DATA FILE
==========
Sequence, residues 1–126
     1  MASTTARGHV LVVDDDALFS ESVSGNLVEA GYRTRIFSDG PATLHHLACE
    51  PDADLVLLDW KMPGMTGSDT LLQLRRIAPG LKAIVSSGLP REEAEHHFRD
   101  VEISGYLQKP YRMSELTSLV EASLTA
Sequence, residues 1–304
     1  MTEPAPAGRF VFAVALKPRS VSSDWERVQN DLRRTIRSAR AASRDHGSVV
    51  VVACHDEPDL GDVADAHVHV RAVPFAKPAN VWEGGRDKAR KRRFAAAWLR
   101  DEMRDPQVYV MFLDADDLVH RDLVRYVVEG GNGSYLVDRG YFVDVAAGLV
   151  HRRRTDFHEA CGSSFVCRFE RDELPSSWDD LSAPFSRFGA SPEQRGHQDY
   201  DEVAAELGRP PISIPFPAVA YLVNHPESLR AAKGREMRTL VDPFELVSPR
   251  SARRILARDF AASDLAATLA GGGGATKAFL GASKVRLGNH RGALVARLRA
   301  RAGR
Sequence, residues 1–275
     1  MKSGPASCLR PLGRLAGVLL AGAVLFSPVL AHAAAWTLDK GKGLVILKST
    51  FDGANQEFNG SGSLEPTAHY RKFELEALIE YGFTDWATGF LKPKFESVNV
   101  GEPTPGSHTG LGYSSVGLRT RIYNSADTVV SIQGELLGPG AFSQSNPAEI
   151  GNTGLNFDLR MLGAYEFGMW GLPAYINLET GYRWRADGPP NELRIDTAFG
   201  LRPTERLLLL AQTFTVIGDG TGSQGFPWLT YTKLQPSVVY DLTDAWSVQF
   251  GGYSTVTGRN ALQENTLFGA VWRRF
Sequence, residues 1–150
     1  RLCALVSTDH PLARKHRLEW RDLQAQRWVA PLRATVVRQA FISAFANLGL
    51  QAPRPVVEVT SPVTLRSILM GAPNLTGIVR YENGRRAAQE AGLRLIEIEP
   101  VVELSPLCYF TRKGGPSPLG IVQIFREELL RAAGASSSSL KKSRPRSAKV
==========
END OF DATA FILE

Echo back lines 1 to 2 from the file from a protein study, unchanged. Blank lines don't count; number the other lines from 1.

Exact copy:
Sequence, residues 1–126
     1  MASTTARGHV LVVDDDALFS ESVSGNLVEA GYRTRIFSDG PATLHHLACE